The Alberta wildfire that has destroyed entire neighbourhoods in Fort McMurray took a growing toll on the energy industry on Thursday, forcing as much as a quarter of the country’s oil output off line.
Oil sands projects, pipelines and electrical facilities around Fort McMurray have shut down and workers have been sent to safer locales.
Alberta oil sands faces production challenges with ‘pressured’ work force (The Globe and Mail)
With the inferno having expanded by more than tenfold in a day, there is no estimate yet on when many of the operations can resume.
Northern Alberta’s fiery disaster, and fears of a worsening supply problem, prompted global oil traders to bid crude prices up, though they pared gains by the end of the session. U.S. benchmark West Texas intermediate rose 54 cents (U.S.) to settle at $44.32 a barrel. Prices for Canadian heavy oil and light synthetic crude derived from the oil sands also rose on tightening supplies.
If operations can get back on line relatively quickly, as was the case last year when wildfires caused outages far south of Fort McMurray – and if there is no damage to facilities – the market impact should be relatively small, said Jackie Forrest, vice-president at ARC Financial.
“The thing is we’re not certain it’s going to stay that way. It could be that this fire grows and that we actually see some damage to oil sands facilities that isn’t temporary,” Ms. Forrest said.
Estimates place the volume that companies have shut off at between 800,000 and one million barrels a day. Prices have yet to spike dramatically, largely because the outages come at a time of brimming inventories in North America. No companies are estimating when evacuated staff can return from shelters and other temporary housing around the province.
The disaster follows months of economic turmoil in the once-booming region, which had been hit hard by project cancellations and mass layoffs in the oil sands due to the global oil-price collapse.
Alberta Premier Rachel Notley said on Thursday the fire had expanded to 85,000 hectares, more than 10 times the size of just 24 hours earlier. It also took a southerly path, forcing evacuations in the Anzac area south of Fort McMurray. The day before, as Fort McMurray’s situation worsened, more than 80,000 people fled.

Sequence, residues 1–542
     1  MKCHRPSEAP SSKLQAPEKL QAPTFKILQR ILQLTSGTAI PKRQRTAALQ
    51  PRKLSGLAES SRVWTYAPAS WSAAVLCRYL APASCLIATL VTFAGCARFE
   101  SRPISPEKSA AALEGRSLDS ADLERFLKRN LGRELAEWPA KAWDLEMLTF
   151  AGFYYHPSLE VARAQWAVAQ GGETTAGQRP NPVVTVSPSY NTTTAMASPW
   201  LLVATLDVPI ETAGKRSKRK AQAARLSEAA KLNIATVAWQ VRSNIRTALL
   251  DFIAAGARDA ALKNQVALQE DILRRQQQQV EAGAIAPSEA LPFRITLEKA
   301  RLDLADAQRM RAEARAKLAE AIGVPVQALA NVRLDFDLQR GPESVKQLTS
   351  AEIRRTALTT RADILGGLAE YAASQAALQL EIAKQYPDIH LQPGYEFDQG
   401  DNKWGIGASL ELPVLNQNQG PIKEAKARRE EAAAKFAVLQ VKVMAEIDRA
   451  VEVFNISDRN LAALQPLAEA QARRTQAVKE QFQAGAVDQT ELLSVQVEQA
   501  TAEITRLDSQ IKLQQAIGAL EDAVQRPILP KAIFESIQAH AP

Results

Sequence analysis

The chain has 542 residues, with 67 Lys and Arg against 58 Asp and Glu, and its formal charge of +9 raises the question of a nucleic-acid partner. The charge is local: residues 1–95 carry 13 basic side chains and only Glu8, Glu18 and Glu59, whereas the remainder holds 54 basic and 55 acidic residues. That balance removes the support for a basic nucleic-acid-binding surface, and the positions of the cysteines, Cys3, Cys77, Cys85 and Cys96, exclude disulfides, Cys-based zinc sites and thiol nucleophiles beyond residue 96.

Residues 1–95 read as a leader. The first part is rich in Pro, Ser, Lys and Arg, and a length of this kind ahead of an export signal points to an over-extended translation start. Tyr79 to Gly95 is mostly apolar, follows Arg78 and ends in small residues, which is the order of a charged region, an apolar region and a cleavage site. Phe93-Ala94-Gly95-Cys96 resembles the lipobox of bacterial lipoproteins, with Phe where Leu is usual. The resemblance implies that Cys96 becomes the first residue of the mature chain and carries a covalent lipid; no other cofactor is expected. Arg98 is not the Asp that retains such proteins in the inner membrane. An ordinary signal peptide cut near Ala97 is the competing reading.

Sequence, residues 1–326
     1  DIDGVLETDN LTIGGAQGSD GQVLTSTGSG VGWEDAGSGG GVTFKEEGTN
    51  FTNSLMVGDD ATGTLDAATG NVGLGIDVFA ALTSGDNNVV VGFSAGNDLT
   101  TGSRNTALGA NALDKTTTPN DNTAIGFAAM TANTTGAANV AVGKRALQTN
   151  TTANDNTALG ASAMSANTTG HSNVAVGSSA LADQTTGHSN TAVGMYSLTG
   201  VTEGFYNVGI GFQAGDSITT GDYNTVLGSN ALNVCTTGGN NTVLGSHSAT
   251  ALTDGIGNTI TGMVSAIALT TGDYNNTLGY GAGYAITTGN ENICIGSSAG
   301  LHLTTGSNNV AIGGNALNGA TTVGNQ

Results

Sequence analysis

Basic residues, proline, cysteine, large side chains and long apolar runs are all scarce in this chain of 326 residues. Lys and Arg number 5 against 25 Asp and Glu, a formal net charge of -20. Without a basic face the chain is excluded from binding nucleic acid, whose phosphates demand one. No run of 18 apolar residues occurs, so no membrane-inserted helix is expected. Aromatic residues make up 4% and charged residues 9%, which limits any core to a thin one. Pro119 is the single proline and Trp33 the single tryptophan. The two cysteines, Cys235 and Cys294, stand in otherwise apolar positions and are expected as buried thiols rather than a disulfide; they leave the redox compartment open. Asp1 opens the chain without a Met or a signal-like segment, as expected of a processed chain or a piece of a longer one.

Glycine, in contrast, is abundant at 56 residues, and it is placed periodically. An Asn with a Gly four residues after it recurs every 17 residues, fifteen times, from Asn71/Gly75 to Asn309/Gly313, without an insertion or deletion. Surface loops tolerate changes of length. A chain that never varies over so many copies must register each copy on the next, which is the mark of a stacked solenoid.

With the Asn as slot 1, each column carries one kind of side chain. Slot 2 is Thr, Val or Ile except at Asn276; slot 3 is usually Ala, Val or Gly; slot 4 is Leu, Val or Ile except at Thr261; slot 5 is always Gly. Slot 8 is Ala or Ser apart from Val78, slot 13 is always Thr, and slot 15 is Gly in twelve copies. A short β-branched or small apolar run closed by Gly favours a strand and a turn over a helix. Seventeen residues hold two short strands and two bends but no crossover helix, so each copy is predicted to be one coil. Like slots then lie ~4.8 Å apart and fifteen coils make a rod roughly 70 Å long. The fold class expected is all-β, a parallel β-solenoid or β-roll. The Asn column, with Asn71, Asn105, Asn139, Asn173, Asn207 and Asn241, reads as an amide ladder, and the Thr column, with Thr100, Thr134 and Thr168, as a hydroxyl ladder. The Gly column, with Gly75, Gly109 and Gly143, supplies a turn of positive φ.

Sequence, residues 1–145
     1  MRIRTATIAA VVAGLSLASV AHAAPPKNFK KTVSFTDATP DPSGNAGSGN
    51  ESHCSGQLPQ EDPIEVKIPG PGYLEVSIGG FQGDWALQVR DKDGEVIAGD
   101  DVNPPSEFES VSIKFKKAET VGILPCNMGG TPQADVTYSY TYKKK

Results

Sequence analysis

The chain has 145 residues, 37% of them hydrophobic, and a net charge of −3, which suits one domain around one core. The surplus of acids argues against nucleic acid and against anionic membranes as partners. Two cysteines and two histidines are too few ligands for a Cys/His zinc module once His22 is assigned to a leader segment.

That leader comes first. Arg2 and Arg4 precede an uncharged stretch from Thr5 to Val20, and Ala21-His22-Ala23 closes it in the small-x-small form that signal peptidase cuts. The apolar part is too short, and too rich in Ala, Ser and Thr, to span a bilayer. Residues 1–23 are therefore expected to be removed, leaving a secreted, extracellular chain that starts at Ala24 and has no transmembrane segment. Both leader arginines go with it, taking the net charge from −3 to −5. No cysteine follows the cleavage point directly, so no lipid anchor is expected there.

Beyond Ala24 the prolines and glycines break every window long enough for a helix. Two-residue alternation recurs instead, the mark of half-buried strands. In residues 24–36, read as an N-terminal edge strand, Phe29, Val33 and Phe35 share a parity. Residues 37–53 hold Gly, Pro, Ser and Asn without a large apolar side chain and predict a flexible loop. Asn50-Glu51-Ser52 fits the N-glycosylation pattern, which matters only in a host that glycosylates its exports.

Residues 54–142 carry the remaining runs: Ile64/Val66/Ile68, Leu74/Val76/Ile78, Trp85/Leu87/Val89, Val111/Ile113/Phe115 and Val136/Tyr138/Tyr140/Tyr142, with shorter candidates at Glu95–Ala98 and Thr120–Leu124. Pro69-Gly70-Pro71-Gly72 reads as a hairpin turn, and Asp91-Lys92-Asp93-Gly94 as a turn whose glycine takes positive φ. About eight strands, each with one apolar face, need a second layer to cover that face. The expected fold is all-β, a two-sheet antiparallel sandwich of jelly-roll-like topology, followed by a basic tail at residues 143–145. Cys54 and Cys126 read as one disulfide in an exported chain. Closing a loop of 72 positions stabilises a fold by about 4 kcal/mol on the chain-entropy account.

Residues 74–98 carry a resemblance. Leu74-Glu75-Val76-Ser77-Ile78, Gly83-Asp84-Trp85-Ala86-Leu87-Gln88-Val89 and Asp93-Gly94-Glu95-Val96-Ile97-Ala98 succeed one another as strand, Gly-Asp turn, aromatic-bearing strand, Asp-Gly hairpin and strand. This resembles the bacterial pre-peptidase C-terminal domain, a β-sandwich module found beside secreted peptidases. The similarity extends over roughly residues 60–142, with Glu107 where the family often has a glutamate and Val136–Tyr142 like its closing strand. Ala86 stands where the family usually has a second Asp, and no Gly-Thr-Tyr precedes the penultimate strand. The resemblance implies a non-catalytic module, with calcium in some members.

Suncor Energy Inc. said late on Thursday it had halted output at its steam-driven MacKay river and Firebag sites due to related pipeline shutdowns. The facilities produced a combined 235,800 barrels per day in the first quarter. The company said there is no damage to the facilities.
Imperial Oil Ltd. said late Thursday it reduced staffing and production at its Kearl oil sands project by undisclosed numbers. Kearl, located well north of the city, produced an average of 194,000 barrels of bitumen a day in the first quarter. “This action was taken to conserve critical supplies as we manage uncertainties associated with inbound and outbound logistics,” the company said in a statement.
Meanwhile, Athabasca Oil Corp. shut down its Hangingstone steam-driven oil sands plant, which is south of Fort McMurray, and was in the process of evacuating workers, as fire approached within 5 kilometres, the company said. It had been producing about 8,000 barrels a day.
Early Thursday, ConocoPhillips halted operations at its Surmont steam-driven oil sands development, and evacuated both staff and Fort McMurray residents who had taken up shelter at its work camp. Surmont, a 50-50 joint venture with France’s Total SA, produced a total of 50,000 barrels a day in the first quarter of 2016, based on a net figure of 25,000 provided by ConocoPhillips.
Nexen Energy ULC, a unit of China’s state-run CNOOC Ltd., shut its nearby Long Lake oil sands facility, which had produced 50,000 barrels a day.
Those moves followed outages at major operations run by Royal Dutch Shell PLC and Suncor Energy Inc. and scaled-back output at Syncrude Canada Ltd. and Husky Energy Inc., among others. Shell produces 255,000 barrels a day at its oil sands operation, and Suncor has a capacity of 350,000 at its base plant.
There were no reports of energy facilities being damaged.
Cenovus Energy Inc. said all but essential staff had been sent away from its Christina Lake oil sands plant as a precaution, citing a high risk of wildfire in the area. The operation is more than 100 kilometres south of fires to the north, and production remained unaffected, it said.
Once blazes are extinguished, staffing at projects is expected to become a problem with hundreds of homes in Fort McMurray destroyed, RBC Dominion Securities analyst Greg Pardy said in a research note. It will necessitate such solutions as more fly-in, fly-out labour, he said.
Canadian Natural Resources Ltd. runs the Horizon oil sands mining operation north of the city, and several steam-driven bitumen and heavy oil projects to the south. Its chief executive officer, Steve Laut, said the company’s output “remains stable.”
He noted that 78 per cent of Horizon staff are flown to the company’s own airport and therefore are not affected by evacuation. It has sent 1,400 non-essential employees out of the area and was housing evacuees at camps, though provincial officials said efforts had begun to move people out of northern areas to facilities with more services.
Numerous regional pipelines have shut down, including those operated by Inter Pipeline Ltd. and Pembina Pipeline Corp., as oil sands facilities tapered production.
Enbridge Inc. said it shut down its Cheecham terminal and removed employees, and reduced staff at its Athabasca terminal to a minimum. As a result, related pipelines were taken off line.
Enbridge has about 6.9 million barrels of oil storage associated with its Athabasca regional operations in northern Alberta, including about three million at its Athabasca Terminal and about 2.3 million at its Cheecham, according to the company’s website.
With a report from Shawn McCarthy in Ottawa